2) Some of the classes / functionality available only in full framework are extensively used in all of your code, the amount of code with #ifdef NETFULL is becoming too big

Point 1 is the good side, you can continue working with full framework then convert remaining code with your pace. If you find yourself in point 2, as an example if some code uses MSMQ you should isolate the full framework depending code in a single class, then use Inversion Of Control to inject concrete class. As an example, instead of having lots of points in the code that uses MSMQ simply abstract all the code in a IQueue interface, create a MSMQQueue class and you have a single point of code that is not available for netstandard. You can then write code that uses Rabbit MQ and the problem is gone with a simple class rewrite.

Lets do an example: I have a InMemoryCacheHelper to abstract the usage of MemoryCache, and since MemoryCache class from System.Runtime.Caching is not available in netstandard, I simply protect the class with #if NETFULL conditional compiling.

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Figure 3: Conditional compilation, this is version of the class for NET Full.

Looking in the documentation there is a nuget package called Microsoft.Extensions.Caching.Memory meant to be a replacement for MemoryCache standard full framework class. I can use this NuGet packages to create an implementation of InMemoryCacheHelper compatible with netstandard.

When you enable multitargeting it is quite common to manually edit references in project file, because references are different from Full Framework build and NetStandard build.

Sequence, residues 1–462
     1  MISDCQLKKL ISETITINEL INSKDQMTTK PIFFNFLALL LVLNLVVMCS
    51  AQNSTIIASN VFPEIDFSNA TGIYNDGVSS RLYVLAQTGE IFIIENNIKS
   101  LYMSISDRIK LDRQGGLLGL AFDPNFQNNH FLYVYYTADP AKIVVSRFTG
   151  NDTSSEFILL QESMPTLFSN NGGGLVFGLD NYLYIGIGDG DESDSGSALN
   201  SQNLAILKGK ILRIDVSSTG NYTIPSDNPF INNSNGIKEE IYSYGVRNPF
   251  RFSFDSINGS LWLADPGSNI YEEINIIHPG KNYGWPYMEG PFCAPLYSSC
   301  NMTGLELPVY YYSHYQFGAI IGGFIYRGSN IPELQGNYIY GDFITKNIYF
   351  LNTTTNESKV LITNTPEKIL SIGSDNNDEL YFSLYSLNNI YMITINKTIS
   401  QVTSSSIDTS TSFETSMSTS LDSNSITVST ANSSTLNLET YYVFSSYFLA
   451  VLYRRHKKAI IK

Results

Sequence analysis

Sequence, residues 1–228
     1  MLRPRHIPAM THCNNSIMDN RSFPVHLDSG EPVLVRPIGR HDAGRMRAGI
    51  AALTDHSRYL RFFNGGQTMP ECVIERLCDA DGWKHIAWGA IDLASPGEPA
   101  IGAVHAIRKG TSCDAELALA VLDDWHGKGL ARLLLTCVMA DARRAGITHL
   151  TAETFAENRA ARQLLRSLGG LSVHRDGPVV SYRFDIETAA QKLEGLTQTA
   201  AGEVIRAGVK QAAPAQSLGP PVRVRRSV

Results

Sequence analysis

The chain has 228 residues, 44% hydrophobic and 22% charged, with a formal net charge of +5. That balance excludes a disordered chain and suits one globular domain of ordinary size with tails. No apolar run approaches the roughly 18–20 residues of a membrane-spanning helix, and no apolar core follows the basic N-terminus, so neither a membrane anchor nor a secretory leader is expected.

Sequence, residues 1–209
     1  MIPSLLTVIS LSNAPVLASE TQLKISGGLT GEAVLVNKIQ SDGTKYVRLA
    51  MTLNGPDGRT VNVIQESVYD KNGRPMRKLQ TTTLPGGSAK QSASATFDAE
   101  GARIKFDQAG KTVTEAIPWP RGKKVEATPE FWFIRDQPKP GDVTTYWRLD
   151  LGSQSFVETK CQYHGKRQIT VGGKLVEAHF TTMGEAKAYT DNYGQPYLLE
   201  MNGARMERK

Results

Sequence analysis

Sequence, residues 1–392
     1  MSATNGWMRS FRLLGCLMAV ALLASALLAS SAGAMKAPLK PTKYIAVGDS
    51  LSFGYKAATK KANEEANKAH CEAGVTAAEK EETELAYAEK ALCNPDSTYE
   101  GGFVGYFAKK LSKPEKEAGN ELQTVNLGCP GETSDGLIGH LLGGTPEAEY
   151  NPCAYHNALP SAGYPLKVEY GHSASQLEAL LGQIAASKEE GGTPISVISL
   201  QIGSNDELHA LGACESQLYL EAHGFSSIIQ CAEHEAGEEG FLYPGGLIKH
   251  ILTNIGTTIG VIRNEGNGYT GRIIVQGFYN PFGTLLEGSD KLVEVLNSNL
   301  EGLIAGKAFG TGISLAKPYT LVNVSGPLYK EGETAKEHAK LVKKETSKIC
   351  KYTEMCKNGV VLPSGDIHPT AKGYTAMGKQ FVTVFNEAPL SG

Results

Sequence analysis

Remember that you need to reference the full framework version (1) for net461 compilation, but reference nuget package for netstandard version. This can be done manually editing references in csproj file Figure 4.

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Figure 4: Reference the correct assembly or NugetPackage based on framework version.

Now you come back to the InMemoryCacheHelper class add an #else branch to the #ifdef NETFULL directive and start writing a version of the class that uses Microsoft.Extensions.Caching.Memory. One class after another you will have all of your code that is able to target both net full and netcore. You can rewrite the entire class or you can use the same class and use #if NETFULL inside each method, I prefer the first approach but this is what happens when I’m starting editing the netstandard version of the class

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Figure 5: No highlight and no intellisense because we are in a conditional compilation branch that evaluates to false.

Ouch, since we are in a branch of conditional compilation that evaluate to false, VS does not offer highligh, no intellisense, everything is greyed out. At this point you should be aware that, when you use multitargeting, the order of the frameworks in the project file matters. The first framework in <TargetFrameworks> node is the one that VS would use to evaluate conditional compilation. This means that, when you are working on classes or piece of code that should target both full framework and NET standard, you need to change the order to fit your need.

In this example I needed to change <TargetFrameworks>net461;netstandard2.0;</TargetFrameworks> to <TargetFrameworks>netstandard2.0;net461</TargetFrameworks>, save project file and unload and reload the project (sometimes you need to force a project reload) and Visual Studio will consider netstandard2.0 during code editing.

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Figure 6: Reversing the order of the frameworks, will enable intellisense for netstandard branch of the conditional compilation directive.